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Lofty task for Mumford’s milestone

SwansTV: Mumford press conference: PF week Swans ruckman Shane Mumford spoke to the media ahead of our preliminary final against Fremantle
Shane Mumford of the Swans climbs high for the ball during the 2013 AFL round 08 match between the Sydney Swans and the Fremantle Dockers at the SCG, Sydney on May 18, 2013. (Photo: Craig Golding/AFL Media)
Shane Mumford will play his 100th game in Saturday's preliminary final
As a 21-year-old, ruckman Shane Mumford was thrown in the deep end in his first game for Geelong, charged with the monumental task of tackling Fremantle giant Aaron Sandilands in a combination with fellow Cat, Mark Blake.

Fast forward 99 games, and Mumford will celebrate game-100 by taking on the same man he describes as the best ruckman in the competition.

The 27-year-old, now in his fourth season at the Sydney Swans, will team up with Mike Pyke to try and counteract the 211 centimetre, 120 kilogram Docker in Saturday evening’s preliminary final at Perth’s Patersons Stadium.

Mumford said it was Sandilands’ lofty stature and bulk that makes him so hard to compete with.

“In the ruck, by far he’s the toughest to beat,” Mumford told media on Tuesday.

“He can almost stand there in the middle and not even jump and beat you sometimes.

“Ruck-work-wise I think he would be (the best in the competition) but blokes like Dean Cox and other guys who move around the ground really well probably get you more around the ground.”

With Mumford giving up both height and weight to the Fremantle big man, the Swans ruckman said he hoped to use his athleticism to get on top in this weekend’s final, in what will be the first time he’s faced Sandilands in the red and white.

“He’s got me by about 12cm and about 15kg (on me), so for me to move him, it’s a pretty tough thing to do, but we’re really looking forward to the challenge,” Mumford said.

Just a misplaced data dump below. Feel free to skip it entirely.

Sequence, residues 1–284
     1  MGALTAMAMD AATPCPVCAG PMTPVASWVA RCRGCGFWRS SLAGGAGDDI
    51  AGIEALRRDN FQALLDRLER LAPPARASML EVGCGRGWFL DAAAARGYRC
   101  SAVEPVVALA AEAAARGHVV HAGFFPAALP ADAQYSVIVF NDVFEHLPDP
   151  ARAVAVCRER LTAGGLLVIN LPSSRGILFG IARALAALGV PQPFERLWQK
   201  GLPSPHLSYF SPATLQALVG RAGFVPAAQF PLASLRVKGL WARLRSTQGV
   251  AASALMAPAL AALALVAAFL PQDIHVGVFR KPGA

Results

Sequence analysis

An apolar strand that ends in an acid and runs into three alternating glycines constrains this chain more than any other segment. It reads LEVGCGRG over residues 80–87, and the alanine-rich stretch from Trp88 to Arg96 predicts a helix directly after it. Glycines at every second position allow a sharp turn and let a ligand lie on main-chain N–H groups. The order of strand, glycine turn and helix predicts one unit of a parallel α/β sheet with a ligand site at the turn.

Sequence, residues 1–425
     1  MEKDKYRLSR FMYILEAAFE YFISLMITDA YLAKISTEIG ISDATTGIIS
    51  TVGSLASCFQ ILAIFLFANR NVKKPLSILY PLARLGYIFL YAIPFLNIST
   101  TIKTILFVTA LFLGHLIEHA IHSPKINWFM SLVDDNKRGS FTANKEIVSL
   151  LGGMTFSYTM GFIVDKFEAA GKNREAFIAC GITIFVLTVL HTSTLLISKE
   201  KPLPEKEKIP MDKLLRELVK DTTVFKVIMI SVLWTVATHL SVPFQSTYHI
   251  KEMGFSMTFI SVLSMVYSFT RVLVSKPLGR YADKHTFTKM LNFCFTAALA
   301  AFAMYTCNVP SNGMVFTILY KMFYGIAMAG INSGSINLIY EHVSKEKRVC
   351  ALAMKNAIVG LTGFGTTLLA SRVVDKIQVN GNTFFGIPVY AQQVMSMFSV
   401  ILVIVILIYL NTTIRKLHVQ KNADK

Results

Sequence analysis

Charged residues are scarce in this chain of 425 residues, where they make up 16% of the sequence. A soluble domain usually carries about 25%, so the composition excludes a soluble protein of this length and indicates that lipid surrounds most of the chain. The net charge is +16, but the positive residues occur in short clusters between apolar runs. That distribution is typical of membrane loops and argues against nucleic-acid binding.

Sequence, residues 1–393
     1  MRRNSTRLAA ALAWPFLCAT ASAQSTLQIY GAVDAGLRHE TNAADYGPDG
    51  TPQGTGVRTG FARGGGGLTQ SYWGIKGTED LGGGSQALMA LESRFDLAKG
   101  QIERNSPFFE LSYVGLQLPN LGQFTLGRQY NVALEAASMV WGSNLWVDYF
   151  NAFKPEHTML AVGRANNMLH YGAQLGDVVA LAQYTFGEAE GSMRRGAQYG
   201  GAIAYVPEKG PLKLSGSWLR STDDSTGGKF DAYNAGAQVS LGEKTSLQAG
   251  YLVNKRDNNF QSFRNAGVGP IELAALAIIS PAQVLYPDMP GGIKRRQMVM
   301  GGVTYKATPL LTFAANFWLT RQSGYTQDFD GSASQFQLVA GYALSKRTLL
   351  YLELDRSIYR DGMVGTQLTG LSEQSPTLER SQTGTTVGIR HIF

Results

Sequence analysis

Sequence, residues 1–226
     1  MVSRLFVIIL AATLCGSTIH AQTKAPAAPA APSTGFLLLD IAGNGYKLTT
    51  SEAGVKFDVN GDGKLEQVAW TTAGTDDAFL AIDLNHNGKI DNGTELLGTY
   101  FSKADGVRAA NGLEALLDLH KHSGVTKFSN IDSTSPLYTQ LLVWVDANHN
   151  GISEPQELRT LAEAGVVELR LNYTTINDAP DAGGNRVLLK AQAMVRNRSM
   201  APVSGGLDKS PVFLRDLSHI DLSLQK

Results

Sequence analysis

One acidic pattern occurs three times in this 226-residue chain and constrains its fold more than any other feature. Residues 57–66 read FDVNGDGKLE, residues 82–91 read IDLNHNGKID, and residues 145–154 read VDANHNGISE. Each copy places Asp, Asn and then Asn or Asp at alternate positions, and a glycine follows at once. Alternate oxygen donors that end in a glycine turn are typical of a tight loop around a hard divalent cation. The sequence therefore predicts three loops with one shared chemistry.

“The best way of doing it is to try and get their a bit earlier and hit him early to get him off the line, but like I said it’s a pretty tough thing to do when he’s weighing 15kg more than me.

“I’ll be trying to work him around the ground and make him chase me, and I think I’ve got a little bit of a better tank than he does.”

Mumford won’t be doing it alone this weekend and will work in tandem with Pyke, who he says is in career best form.

“Pyke was probably unlucky not to make All-Australian,” Mumford said.

“His first half of the year was sensational and I think the partnership we’ve formed now is probably one of the tougher ones in the league.

“Credit to him and the way he goes about his footy and he’s always in there looking at ways to improve and everything, so it’s no real shock that he’s taken the leaps and bounds forward that he has.”

After a slow start to the 2013 season, Mumford, feels he is now finding some consistent form.

After being subbed out of the Swans’ qualifying final loss to Hawthorn a fortnight ago, Mumford said he felt confident heading into this weekend’s game following a strong performance against the Blues last week.

“I probably wasn’t playing the footy that I would have liked to have played, but I think I might be starting to finally find some form after the weekend’s game and a couple of weeks prior, minus the Hawthorn game where I went missing,” Mumford said.

“Obviously I’m feeling really good about this week and the body is feeling fresh, so it’s always good to go into a game feeling good.”

Despite playing extra minutes in Saturday’s win over Carlton as a result of injuries to Kurt Tippett and Tom Mitchell, Mumford said he didn’t believe he or his team mates would suffer from fatigue in Saturday’s preliminary final.

“Anything can happen in a prelim,” he said.

“It’s a big game and it doesn’t matter whether you’ve had the weekend off or you  played a hard game of footy, you’re going to be doing everything you can to get yourself right and to get yourself up for that game, and I’m sure we’ll all be going in at 100 per cent and giving our all.”